A mediator may not advise the court that he or she learned in confidence in private caucus that a participant did not have required settlement authority. Mediator Ethics Advisory Committee Opinion 99-002. The rules as to when a mediator should advise the court of the failure to participate with settlement authority are complex, and the mediator should carefully review them. In addition, under Florida law, a mediator may not report that a party did not negotiate “in good faith” or the reasons mediation was cancelled or postponed. Mediator Ethics Advisory Committee Opinions 2001-004 and 2000-003. Similarly, Rule 9.07 of the Middle District Rules provides that “[a]ll proceedings of the mediation conference . . . are privileged in all respects. The proceedings may not be reported . . . to the trial court or jury, or construed for any purpose as an admission against interest.” Any potential exceptions could only relate to high policy interests (e.g., crimes, abuse, etc.) or professional discipline.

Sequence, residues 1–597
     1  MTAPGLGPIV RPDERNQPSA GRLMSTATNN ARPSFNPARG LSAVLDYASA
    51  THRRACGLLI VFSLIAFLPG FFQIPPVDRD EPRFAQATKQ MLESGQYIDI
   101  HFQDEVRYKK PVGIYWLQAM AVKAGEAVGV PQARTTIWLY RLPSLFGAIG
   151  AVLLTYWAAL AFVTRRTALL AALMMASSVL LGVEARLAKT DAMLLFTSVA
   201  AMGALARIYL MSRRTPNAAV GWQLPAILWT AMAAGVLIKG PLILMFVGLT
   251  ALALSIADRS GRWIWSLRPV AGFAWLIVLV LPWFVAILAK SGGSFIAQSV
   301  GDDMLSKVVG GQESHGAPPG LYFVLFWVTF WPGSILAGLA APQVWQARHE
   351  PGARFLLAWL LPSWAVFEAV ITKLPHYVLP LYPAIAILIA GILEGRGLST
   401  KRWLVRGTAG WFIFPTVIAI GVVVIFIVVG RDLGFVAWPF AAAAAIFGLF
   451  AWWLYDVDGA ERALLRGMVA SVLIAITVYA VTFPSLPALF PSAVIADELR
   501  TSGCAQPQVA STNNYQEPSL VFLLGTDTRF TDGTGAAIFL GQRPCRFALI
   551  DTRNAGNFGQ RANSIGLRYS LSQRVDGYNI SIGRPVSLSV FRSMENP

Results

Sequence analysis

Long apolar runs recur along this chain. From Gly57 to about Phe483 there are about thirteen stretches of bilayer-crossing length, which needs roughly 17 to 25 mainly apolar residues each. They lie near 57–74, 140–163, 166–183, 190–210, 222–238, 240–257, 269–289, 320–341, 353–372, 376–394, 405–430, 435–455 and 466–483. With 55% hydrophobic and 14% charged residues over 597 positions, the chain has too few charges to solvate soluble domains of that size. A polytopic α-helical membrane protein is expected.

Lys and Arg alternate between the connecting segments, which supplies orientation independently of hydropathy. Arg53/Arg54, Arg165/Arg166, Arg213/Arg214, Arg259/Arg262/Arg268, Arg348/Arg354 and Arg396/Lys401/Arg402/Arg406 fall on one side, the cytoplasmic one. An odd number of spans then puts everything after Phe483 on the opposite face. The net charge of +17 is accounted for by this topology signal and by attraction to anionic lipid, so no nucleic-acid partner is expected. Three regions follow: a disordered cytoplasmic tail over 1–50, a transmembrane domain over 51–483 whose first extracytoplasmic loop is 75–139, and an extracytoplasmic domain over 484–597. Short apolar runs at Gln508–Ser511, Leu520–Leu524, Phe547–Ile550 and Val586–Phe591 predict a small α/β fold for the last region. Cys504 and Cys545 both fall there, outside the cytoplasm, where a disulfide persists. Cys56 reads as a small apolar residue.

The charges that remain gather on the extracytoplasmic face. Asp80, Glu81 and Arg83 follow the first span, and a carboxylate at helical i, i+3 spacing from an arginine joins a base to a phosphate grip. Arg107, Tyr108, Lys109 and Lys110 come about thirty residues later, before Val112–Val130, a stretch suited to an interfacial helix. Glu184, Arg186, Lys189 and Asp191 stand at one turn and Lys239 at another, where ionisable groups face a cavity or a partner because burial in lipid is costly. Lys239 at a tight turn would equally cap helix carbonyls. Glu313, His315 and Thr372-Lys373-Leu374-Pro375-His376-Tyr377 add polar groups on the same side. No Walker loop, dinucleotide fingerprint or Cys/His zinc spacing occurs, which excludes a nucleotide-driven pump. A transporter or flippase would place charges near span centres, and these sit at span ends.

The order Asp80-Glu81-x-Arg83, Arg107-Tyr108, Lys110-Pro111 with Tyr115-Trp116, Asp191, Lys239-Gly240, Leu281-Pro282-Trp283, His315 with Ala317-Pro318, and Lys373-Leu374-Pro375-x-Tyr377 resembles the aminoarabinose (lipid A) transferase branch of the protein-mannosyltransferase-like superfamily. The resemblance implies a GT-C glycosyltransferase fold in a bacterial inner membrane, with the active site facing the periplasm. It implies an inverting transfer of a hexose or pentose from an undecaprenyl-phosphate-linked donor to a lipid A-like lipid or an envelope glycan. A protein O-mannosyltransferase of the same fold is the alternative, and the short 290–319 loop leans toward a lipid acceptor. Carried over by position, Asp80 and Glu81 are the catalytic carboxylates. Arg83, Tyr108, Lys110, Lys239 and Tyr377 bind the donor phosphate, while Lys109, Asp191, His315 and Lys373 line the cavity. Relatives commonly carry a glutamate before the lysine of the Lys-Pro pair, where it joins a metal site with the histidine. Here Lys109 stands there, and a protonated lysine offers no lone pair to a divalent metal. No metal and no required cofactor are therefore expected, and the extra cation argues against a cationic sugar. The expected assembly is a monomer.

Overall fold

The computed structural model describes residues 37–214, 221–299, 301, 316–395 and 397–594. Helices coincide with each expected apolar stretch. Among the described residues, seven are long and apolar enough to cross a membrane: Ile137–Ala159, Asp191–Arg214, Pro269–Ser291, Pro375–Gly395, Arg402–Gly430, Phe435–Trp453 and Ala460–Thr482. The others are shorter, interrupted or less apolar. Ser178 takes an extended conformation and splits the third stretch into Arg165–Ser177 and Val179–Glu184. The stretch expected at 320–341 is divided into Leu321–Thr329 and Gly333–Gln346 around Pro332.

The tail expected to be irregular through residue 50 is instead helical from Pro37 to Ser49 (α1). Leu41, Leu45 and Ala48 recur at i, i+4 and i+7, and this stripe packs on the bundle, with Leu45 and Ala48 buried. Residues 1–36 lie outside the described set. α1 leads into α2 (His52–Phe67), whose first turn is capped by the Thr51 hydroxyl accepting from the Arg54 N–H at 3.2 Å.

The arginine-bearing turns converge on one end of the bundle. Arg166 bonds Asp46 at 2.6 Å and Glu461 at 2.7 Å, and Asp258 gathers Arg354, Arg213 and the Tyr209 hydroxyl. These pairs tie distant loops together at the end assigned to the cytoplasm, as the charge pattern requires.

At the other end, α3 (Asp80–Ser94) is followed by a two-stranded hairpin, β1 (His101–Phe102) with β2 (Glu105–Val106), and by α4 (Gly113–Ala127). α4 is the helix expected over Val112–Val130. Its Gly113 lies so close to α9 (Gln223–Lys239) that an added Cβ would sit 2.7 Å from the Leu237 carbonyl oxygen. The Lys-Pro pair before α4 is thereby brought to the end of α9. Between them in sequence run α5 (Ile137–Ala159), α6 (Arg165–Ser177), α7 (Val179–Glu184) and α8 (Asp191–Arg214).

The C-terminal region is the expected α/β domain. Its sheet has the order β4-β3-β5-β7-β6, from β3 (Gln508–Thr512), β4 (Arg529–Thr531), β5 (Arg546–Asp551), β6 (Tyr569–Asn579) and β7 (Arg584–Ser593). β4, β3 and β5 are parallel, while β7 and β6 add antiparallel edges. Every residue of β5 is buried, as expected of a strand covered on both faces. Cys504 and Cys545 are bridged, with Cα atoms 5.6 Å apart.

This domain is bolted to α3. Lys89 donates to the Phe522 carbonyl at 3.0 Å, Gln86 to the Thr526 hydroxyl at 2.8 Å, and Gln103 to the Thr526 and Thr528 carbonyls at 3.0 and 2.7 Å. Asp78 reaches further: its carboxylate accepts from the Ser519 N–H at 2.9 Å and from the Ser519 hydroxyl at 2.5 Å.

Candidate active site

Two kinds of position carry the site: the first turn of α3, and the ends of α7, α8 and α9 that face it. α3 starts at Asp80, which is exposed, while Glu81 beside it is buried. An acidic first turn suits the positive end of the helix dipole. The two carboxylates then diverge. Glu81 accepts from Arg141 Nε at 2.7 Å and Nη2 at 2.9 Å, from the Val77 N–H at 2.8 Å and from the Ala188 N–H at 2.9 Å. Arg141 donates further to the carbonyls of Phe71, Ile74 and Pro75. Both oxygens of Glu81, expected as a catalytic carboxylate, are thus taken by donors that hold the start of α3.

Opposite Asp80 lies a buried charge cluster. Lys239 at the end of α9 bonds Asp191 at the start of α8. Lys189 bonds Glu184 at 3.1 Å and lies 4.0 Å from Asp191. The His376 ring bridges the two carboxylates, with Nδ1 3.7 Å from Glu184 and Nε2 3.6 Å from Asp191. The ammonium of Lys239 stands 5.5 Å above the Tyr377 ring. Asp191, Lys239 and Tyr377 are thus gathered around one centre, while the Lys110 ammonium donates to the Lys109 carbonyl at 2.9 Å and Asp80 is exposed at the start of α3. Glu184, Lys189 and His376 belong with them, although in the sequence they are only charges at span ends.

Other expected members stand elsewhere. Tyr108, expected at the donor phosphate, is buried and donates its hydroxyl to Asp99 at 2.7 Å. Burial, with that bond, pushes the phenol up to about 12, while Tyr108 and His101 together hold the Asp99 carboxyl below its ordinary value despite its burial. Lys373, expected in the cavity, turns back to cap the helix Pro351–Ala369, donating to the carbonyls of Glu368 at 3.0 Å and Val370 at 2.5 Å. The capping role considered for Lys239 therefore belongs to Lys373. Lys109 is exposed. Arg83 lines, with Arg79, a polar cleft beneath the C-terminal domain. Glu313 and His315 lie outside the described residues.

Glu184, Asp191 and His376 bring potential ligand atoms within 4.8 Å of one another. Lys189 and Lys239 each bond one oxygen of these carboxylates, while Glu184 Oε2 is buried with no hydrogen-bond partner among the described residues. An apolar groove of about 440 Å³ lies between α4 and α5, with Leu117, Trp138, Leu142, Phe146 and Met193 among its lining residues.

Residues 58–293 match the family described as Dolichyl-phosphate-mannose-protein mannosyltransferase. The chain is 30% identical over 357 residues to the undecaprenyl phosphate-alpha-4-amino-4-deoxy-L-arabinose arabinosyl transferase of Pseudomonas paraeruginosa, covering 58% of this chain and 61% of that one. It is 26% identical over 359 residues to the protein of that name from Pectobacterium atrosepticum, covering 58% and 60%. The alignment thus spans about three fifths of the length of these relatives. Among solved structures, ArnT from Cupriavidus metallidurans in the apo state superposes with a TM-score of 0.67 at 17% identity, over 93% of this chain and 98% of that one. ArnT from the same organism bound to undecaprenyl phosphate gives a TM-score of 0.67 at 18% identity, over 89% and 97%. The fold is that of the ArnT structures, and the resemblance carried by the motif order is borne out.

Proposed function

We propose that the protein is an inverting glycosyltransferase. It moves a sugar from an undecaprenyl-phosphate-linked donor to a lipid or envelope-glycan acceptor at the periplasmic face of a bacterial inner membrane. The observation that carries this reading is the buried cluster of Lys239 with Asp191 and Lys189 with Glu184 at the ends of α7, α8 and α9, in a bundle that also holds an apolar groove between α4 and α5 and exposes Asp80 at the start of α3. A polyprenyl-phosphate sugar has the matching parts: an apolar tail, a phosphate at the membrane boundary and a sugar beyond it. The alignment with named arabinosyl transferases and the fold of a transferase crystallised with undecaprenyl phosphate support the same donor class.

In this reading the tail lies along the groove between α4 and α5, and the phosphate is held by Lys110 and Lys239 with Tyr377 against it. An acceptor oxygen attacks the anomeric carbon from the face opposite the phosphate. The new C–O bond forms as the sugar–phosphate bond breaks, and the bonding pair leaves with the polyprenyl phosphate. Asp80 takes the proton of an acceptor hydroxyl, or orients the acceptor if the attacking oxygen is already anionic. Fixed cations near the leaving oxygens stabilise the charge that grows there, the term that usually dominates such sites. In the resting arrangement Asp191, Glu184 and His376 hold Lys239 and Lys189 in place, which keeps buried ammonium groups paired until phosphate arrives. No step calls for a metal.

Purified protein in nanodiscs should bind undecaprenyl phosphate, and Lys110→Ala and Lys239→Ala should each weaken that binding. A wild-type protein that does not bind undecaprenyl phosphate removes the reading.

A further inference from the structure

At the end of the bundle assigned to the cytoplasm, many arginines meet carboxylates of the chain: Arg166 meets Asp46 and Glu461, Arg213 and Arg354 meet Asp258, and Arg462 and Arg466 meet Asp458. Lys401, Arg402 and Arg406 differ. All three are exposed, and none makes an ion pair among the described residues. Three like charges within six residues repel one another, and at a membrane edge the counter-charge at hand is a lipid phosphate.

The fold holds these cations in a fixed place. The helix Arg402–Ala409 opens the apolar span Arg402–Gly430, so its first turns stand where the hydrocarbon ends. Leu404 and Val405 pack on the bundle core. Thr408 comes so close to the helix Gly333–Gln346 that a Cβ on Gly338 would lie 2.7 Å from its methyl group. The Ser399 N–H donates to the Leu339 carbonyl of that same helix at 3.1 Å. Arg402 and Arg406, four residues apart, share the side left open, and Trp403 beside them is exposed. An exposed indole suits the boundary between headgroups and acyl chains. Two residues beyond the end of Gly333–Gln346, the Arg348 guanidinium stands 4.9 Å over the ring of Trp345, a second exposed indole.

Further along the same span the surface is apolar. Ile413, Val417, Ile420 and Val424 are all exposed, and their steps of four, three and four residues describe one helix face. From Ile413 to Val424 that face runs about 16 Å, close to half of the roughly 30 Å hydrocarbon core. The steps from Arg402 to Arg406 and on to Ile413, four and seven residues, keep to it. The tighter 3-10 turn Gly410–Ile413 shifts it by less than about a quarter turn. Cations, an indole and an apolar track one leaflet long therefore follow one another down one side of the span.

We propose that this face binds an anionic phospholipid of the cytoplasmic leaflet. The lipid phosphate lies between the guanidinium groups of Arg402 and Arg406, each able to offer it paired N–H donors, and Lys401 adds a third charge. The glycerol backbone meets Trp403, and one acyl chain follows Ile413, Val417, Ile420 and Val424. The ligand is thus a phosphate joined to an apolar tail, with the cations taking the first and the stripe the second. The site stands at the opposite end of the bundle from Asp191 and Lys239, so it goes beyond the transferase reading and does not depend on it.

In mediation, the parties decide how the case will end. The resolution may include terms (such as that elusive “apology”) a party cannot obtain in court. Most parties find self-determination appealing and satisfying.

A mediator helps the parties make informed decisions, but cannot coerce a decision or even continue the mediation if a party is unable to freely exercise self determination. Fla. R. Civ. P. 10.310(d). A mediation should be adjourned/terminated: (1) upon agreement; (2) mediation would result in unreasonable emotional or monetary costs; (3) the case is unsuitable for mediation; (4) a party is unwilling to participate meaningfully; (4) the mediation entails fraud, duress, the absence of bargaining ability, or unconscionability; and/or (6) physical safety is endangered. Fla. R. Civ. P. 10.420(b).